Architekt Emil Belluš ako anonymný zakladateľ slovenskej scénografie
Architect Emil Belluš as an anonymous founder of Slovak scenography
Subject(s): Cultural Essay, Political Essay, Societal Essay
Published by: Historický ústav SAV, v. v. i.
Keywords: Slovak; stage design; architect; modern; play; theatre; director
Summary/Abstract: In the life of Emil Belluš – one of the most prominent modernist architects in Slovakia – there was a bit mysterious, little-known phase. It concerned his stage setting designs of the late 1930s and early 1940s. In collaboration with a theatre director Ján Jamnický, in the new Slovak National Theatre Belluš managed to create several remarkable settings thanks to which he is considered a founder of Slovak scenography. Still, Belluš’ name appeared just once as the designer of a stage setting, followed by three instances where he was mentioned under his assumed name of B. Javor while later on it was reported that the stage designers were merely workers of the theatre artistic workshops. Some are reasoning that by this conduct Belluš “tried to avoid having his creative hands tied with contractual obligations to the theatre management”, while others thought that the reason for anonymity was the perception of theatre as being not very dignified and socially esteemed which could bring him as an architect into disrepute. Most likely, however, is that the first settings were just a marginal work to the architect within his family circle (the theatre director was his brother-in-law). A series of his scene designs start with 1935 (the premiere of Henry Bernstein’s play Hope), but the onset of his typical theatre settings begin with Begovic’s play The Man of God (Fig. 2 and 3). According to the director, this is “a play of Slavic mysticism” and the surviving drawings show a set of stairs with different height elevations, all complemented by just indicative realistic elements. “The glorious era of Jamnický as a director commenced with The Misanthrope by Molière”, writes I. Mojžišová. For “this carousel of fraud, deception and hypocrisy ...” the architect erected on the stage something that reminds of a park-like, high and square-cut hedge row with signs of landscaping at the forefront with a vase and a balustrade (Fig. 6). Actor Martin Gregor, who had to leave the theatre due to his Jewish heritage, chose The Mizanthrope to be his last performance, playing the title role of Alceste. In the next scene of Ibsen’s Rosmersholm at the beginning of the war (1940) Belluš symbolically captured dark clouds hanging over Europe in the form of “demonized, winged chandelier throwing shadows of destiny” (Fig. 5). It was followed by a memorable conjunction of stage settings, costumes (by Ľudmila Brozmanová-Podobová), and actors in the comedy by Pierre de Marivaux: The Game of Love and Chance (Fig. 7). Jamnický with Belluš exposed the stage area and layered it vertically... actors played everywhere, on the proscenium, below the stage and even in the boxes, often elevated above the stage, sometimes with their backs to the spectators and even lying down. Architect’s work was a perfect example of synergy with the air of the performances and the directorial concept. Next came Stodola’s play When the Celebrated Cries (1941) on the fight of a physician with a miraculous healer.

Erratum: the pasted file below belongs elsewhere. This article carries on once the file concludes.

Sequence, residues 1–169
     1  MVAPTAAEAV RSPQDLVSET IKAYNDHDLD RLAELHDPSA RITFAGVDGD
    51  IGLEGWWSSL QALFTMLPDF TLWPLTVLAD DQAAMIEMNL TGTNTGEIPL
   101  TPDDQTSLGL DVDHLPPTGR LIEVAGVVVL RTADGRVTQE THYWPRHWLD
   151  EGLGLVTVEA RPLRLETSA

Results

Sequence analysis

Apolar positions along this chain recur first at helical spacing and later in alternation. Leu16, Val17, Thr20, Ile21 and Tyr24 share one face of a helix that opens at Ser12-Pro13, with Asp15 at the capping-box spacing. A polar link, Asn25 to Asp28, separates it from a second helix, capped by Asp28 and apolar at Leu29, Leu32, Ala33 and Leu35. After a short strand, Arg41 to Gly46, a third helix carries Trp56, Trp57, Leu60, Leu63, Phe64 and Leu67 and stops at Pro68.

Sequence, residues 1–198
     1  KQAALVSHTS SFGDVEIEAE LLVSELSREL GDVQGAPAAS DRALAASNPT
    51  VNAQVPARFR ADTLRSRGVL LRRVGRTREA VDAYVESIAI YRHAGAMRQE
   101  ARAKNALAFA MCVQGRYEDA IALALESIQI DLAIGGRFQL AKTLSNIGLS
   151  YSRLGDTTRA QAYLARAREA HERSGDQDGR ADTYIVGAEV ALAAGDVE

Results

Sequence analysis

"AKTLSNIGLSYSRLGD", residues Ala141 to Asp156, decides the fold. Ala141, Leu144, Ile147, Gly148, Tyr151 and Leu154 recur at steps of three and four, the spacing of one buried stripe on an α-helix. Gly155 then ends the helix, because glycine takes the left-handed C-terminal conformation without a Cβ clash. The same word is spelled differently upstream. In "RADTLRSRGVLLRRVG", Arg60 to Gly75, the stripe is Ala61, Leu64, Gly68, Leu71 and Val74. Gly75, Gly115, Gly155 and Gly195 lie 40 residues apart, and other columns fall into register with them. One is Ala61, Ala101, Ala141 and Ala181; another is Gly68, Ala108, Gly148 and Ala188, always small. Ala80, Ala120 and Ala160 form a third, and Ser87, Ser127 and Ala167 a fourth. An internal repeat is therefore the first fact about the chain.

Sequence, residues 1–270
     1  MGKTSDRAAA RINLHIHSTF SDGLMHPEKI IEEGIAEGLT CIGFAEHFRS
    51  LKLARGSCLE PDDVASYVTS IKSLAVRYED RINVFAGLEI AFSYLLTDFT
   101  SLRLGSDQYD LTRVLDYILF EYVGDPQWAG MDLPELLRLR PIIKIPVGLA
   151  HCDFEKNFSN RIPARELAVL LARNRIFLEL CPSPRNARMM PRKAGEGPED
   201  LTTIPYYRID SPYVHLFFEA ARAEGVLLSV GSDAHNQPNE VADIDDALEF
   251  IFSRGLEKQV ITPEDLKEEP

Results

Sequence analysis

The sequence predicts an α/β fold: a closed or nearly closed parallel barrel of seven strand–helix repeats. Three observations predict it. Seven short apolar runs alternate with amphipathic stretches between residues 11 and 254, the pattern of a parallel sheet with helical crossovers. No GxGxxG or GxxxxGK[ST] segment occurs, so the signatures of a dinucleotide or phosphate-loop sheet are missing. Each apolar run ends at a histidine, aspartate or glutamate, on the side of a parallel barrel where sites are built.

- Issue Year: 44/2010
- Issue No: 1-2
- Page Range: 132 - 149
- Page Count: 18
- Language: Slovak